States that have reduced barriers to hunting
EDGEFIELD, S.C.— Across the country, more than 87,000 new hunters have taken to the field thanks to laws that remove barriers to youth hunting.
The new laws and regulations are the direct result of the Families Afield initiative, which was launched to help turn the tide against waning youth hunter recruitment and decreasing license sales- a key source of revenue for state wildlife agencies. The program was spearheaded by the NWTF and its partners, the National Shooting Sports Foundation and the U.S. Sportsmen’s Alliance.
Together, with the support of the National Rifle Association and local sportsmen’s organizations, Families Afield is getting results. As barriers to hunting are struck down in state capitals nationwide, a new generation is discovering America’s time-honored hunting tradition. To date, 25 states have passed laws as a result of Families Afield.
In addition, a new research report from Mile Creek Communications shows that many states that have introduced apprentice license programs have shown sharp increases in youth license sales, from 10 percent to 111 percent.
“We are always looking for ways to open the door and invite new hunters in,” said Ohio Division of Wildlife Chief Dave Graham. “Our apprentice license has really allowed us to put out the welcome mat. And the best part of the project is that, just as our early research indicated, young hunters accompanied by a mentor are among the safest of all hunters.”
The apprentice license programs help new hunters learn under the watchful eye and guiding hand of licensed adult mentors. Completion of a hunter education course is still required for a new hunter to become fully licensed.
Mik Mikitik, hunter education coordinator for the Washington Division of Fish & Wildlife, added that the programs have proven to be very popular, and are expected to gain popularity among novice hunters both young and old.
“What really surprised us here in Washington is that approximately 60 percent of the hunters taking advantage of these new opportunities are over 18 years old,” said Mikitik. “So we’re seeing that all people, not just youth, are wanting to try hunting, and hopefully it’s something that they’ll enjoy for a lifetime.”
The new programs have garnered support from not only state wildlife agencies, but also lawmakers such as Wyoming Governor Dave Freudenthal, who expressed his support for the mentoring system.
“This is how I learned to hunt, and how my son learned to hunt, and I think most hunters agree that it is the best way to pass on the tradition,” said Gov. Freudenthal.
The following states have created additional opportunities for youth and novice hunters (check with your local DNR office for details):
Alabama- Allows newcomers age 16 and older to hunt without hunter education while under supervision of a licensed hunter over 21.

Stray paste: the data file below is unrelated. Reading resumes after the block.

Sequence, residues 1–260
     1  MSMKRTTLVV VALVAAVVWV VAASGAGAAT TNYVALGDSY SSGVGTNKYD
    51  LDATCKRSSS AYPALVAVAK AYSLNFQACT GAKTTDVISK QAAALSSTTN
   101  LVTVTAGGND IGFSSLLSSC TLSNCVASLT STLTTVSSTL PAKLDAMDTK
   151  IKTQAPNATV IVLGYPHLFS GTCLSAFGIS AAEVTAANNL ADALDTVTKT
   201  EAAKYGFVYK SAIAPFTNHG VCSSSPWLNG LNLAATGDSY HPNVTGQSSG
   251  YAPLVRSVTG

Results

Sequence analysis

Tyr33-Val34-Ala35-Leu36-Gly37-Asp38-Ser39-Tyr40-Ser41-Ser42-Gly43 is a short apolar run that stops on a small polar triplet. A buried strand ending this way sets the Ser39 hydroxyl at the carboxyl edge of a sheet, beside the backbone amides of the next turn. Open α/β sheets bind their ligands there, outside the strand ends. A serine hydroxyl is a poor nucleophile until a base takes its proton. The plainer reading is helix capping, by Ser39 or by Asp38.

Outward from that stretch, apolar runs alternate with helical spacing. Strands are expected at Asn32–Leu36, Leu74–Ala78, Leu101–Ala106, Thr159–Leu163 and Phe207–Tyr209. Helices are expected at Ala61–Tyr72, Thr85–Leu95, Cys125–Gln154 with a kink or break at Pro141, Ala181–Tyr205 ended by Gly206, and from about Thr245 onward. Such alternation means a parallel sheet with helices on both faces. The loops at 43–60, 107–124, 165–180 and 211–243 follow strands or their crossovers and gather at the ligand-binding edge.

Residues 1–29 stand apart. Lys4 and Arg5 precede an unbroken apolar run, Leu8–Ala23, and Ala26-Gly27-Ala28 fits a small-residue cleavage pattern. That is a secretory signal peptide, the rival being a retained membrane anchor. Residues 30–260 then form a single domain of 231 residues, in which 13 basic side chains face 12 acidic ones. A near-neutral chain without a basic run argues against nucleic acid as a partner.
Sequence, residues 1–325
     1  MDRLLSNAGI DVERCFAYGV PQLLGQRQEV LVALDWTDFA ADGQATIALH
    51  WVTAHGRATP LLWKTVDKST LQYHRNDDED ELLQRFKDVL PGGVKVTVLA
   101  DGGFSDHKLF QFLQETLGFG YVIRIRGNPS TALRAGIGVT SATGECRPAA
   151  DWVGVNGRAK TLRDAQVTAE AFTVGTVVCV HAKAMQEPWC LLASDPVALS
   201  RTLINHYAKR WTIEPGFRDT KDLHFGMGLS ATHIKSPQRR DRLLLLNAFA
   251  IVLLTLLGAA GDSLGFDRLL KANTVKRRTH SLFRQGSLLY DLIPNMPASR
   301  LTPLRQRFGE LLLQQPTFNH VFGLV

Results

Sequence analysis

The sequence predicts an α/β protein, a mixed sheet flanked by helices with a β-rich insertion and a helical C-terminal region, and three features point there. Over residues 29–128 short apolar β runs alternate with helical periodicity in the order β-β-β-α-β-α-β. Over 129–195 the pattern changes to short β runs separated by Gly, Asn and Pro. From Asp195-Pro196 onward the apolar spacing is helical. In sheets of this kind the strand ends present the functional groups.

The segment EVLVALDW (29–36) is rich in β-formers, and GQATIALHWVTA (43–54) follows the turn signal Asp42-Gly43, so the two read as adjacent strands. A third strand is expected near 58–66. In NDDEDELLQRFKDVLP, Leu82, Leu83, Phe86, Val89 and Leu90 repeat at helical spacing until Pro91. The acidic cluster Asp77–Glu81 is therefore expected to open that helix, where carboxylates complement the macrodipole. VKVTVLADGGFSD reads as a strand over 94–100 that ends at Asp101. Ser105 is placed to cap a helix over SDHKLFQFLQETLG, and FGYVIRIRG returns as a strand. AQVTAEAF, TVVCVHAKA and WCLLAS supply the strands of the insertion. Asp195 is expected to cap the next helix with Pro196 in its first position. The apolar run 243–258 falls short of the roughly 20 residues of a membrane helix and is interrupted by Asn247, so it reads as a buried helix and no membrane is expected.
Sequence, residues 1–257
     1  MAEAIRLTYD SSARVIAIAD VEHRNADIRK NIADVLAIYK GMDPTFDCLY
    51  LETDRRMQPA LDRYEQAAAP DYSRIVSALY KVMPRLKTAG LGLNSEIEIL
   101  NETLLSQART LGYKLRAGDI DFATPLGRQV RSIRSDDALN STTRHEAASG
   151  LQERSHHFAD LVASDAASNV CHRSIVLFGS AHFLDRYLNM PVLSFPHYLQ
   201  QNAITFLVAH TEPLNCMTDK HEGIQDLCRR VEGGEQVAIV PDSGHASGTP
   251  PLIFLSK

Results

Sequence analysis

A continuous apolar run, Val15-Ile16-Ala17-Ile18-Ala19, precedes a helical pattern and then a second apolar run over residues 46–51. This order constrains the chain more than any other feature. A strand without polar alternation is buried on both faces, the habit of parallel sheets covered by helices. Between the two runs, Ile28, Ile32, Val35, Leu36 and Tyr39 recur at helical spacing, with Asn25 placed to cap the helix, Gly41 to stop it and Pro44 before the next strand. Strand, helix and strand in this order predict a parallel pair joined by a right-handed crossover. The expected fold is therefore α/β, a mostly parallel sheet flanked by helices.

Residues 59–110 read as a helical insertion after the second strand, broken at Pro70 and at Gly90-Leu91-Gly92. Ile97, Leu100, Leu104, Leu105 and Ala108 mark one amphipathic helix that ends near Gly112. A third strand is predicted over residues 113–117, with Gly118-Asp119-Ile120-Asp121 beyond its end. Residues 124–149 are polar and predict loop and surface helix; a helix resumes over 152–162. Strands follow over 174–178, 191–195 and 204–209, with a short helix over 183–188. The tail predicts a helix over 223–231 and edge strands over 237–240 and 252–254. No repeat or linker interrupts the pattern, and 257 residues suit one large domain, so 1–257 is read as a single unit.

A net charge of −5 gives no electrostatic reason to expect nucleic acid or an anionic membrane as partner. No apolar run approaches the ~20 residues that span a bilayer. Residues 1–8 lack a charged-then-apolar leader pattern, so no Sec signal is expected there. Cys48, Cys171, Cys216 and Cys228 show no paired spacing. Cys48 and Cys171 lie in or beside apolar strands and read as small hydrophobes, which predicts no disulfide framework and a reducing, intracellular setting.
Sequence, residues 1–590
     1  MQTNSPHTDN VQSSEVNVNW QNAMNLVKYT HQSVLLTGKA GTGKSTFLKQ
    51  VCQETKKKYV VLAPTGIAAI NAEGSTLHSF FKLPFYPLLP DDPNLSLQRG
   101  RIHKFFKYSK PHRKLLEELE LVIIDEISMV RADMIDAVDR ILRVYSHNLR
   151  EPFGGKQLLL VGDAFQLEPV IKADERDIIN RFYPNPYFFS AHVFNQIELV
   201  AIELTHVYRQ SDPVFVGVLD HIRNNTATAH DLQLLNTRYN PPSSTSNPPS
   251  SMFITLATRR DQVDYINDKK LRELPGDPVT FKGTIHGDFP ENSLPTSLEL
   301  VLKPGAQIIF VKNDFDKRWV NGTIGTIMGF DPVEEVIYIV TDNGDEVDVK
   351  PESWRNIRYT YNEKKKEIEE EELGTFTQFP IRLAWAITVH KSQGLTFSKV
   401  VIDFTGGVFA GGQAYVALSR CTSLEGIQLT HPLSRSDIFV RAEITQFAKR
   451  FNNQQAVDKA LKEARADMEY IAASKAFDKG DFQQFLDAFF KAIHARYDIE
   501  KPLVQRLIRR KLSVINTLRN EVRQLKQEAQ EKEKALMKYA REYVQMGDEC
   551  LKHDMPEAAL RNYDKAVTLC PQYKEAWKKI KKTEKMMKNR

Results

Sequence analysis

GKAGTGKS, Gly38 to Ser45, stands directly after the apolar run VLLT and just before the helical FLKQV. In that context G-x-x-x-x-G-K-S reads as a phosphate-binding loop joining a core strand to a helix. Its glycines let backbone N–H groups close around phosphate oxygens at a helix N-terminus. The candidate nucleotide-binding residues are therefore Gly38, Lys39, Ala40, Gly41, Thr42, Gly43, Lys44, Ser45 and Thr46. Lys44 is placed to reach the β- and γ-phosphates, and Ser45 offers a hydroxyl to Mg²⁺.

Arkansas- Created a deferred hunter education permit for newcomers age 16 and older, who were born after Dec. 31, 1968, to hunt without hunter education in the immediate presence of an adult hunter 21 or older.
Florida- Anyone 16 years or older and born on or after June 1, 1975 can hunt under the supervision of a licensed hunter, 21 or older, without having to complete the state’s hunter safety certification. This exemption allows novices to purchase a Florida hunting license and hunt during a one-year trial basis. They must take and pass a hunter safety class to be eligible to purchase a hunting license and hunt the following year.
Illinois- Exempts a hunter age 10 or older from the requirement of completing the mandatory hunter education course for the current license year. Novice hunters ages 10 to 17 must hunt with a parent, grandparent or guardian who has a valid Illinois resident hunting license. Those 18 and older may buy an apprentice license and go hunting with any family member or friend who is a validly licensed Illinois resident hunter.
Indiana- Established a three-year apprentice hunting license that allows both resident and non-resident newcomers to take to the field with a licensed adult mentor.
Kansas- Permits a person 16 years of age or older to obtain a one-time hunter education completion deferral before hunting. That deferral will be valid until the end of the current license year for which it was issued. Eligible individuals will be able to purchase an apprentice hunting license and a licensed adult at least 18 years of age must accompany the novice hunter.
Kentucky- The first measure establishes a one-year, non-renewable exemption from hunter education classes when an adult mentor accompanies the novice hunter. The mentor must be a licensed hunter at least 18 years old. The second measure raises the age at which young hunters must take a hunter education course prior to hunting from 10 to 12 years old.